Journal of Commerce | Russell Hixson | June 4, 2020
A new poll commissioned by the BC Building Trades suggests a majority of British Columbians support Community Benefits Agreements (CBAs) and want to see them applied to public infrastructure projects as part of the province’s economic recovery plan.
The online survey conducted by Research Co. found that 74 per cent of British Columbians either “strongly” or “moderately” support CBAs, and 77 per cent agree with using them to help the province mend from the COVID-19 pandemic. The level of support for CBAs is four points higher than it was when Research Co. first asked the question in August 2018.
The results are based on an online study conducted this month among 800 adults in British Columbia.
“I’d say that British Columbians have been familiar with CBAs for three years now,” said Andrew Mercier, executive director of the BC Building Trades. “They have been part of the public discourse in a public way now for the past several years. They make good sense. They are a good policy to ensure the public in surrounding communities recapture the value of infrastructure spending.”
Mercier said he believes the pandemic has made residents attuned to economic concerns. He added that a policy like CBAs with skills training and jobs for vulnerable groups in local communities is attractive.
“CBAs ensure that jobs are prioritized for locals, apprentices, Indigenous people and women,” Mercier said. “That means you have a degree of certainty that the dollars spent are going to be spent in the B.C. labour market. That’s very attractive when you are entering into a recessionary period.”
Mercier added that CBAs also give a career pathway to those who are being impacted by COVID-19, especially women who have been disproportionately affected.
“I would say to anyone skeptical, go to the source material,” said Mercier. “Don’t listen to political spin or partisanship around the issue. Go get the facts. You can go look it up. It is publicly available.”
Chris Gardner, president of the Independent Contractors and Businesses Association (ICBA), argued that the two questions presented didn’t go into detail about CBA union restrictions, instead asking respondents if they support opportunities for women, Indigenous people, apprentices and locals.
“The answer of course is ‘yes,’” said Gardner. “But I would say that every single contractor in this province has been doing just that. The wage and benefits survey the ICBA does shows that for the last four years the number one challenge facing the construction industry is a shortage of skilled workers. The private sector was doing this long before the NDP decided to enact a procurement policy that they call CBAs.”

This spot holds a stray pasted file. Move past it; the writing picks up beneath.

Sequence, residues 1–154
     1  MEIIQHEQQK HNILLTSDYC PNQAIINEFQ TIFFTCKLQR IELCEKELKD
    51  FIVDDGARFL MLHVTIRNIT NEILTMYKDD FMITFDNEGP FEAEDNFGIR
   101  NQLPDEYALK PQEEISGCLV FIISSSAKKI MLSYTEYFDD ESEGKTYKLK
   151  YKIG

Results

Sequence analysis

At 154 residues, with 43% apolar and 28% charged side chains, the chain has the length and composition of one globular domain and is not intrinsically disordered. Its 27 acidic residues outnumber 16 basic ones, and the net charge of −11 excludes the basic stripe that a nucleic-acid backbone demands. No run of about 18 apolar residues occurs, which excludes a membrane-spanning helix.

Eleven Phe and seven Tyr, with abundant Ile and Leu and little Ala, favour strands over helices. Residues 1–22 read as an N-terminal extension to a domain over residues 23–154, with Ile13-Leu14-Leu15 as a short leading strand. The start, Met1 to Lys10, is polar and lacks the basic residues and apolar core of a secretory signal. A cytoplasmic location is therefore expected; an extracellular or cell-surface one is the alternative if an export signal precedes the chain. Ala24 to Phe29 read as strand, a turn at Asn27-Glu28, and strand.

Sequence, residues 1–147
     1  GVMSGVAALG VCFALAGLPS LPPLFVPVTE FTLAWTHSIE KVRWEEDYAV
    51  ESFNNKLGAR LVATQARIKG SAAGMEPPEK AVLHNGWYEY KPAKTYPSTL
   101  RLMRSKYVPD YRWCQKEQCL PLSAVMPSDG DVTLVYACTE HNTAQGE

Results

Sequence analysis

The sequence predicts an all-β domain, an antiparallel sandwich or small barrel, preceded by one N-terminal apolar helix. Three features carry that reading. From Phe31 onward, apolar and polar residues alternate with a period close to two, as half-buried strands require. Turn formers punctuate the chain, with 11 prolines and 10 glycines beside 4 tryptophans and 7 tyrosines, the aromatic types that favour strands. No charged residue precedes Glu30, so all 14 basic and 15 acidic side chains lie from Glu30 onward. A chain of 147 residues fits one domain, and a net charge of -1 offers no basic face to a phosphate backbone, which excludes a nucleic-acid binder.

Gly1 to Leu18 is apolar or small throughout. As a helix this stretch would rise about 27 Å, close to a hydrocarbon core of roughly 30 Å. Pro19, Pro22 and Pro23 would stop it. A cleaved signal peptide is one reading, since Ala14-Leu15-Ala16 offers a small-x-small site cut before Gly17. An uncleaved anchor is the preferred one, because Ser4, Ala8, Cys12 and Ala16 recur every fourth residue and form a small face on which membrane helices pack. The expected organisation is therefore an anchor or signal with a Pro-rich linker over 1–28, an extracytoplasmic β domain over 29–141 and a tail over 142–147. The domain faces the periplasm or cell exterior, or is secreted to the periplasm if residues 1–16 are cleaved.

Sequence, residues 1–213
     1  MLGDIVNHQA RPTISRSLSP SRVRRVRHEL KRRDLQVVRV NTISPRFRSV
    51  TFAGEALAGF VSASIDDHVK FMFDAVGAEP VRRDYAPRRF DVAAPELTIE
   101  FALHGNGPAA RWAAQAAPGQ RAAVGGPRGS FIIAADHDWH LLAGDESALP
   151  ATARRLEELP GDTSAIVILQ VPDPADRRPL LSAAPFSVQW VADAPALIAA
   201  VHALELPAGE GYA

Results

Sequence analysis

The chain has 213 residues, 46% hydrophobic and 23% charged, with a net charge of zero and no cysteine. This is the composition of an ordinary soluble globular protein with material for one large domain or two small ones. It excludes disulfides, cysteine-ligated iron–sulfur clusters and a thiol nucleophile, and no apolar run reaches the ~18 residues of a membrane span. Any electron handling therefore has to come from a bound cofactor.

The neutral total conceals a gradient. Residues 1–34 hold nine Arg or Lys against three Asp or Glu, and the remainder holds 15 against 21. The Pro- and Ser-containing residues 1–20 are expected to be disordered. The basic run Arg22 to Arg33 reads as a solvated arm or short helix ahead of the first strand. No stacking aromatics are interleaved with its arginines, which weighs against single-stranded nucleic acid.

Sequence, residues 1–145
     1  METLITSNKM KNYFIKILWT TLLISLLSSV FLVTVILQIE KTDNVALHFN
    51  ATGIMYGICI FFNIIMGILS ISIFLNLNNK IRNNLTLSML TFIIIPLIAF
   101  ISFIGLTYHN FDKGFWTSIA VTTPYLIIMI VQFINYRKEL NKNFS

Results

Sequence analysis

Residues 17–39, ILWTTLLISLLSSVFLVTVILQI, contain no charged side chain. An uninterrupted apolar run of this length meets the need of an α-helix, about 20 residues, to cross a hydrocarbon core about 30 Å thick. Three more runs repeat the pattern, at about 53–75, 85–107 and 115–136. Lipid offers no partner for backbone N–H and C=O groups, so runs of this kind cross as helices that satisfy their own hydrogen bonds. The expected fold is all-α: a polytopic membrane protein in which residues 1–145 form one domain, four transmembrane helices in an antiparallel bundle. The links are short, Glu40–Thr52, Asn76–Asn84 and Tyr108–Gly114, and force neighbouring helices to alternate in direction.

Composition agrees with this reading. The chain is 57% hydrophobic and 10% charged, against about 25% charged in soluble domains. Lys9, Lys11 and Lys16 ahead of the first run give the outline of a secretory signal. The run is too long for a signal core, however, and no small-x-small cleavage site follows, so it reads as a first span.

Gardner explained he believes the real issue of CBAs excluding most of the construction industry from participating in CBA projects was not included.
“The real issue is that the government policy is very clear,” he said. “If you are not a member of a Building Trades union, you are excluded from these projects. The government cut a backroom deal that excludes 85 per cent of construction workers. That is unfair and it is discriminatory.”
Gardner called for a policy that leaves no one behind as the government looks to rebuild the economy in the fallout of the COVID-19 pandemic.
“Everyone who works in construction should have a fair shot at government work,” said Gardner.
The ICBA, along with other industry groups, continues to fight the CBA policy in court.
Paul de Jong, president of the Progressive Contractors Association of Canada, said the poll shows desperation by the Building Trades to dress up a flawed policy.
“They are trying to put a tuxedo on a turkey and it’s just not adding up,” de Jong said, stating infrastructure costs on projects are skyrocketing and skilled workers are being shut out of jobs.
He argued that CBAs are less competitive which leads to wasted money, less infrastructure and fewer jobs.
“A CBA that restricts choices of workers, who can only work if they join union against their will, just doesn’t make sense,” said de Jong. “You should open things up rather than shut them down.”
De Jong argued the massive economic slowdown has contractors eager for opportunities and they need to have options and room to be innovative and use progressive ideas.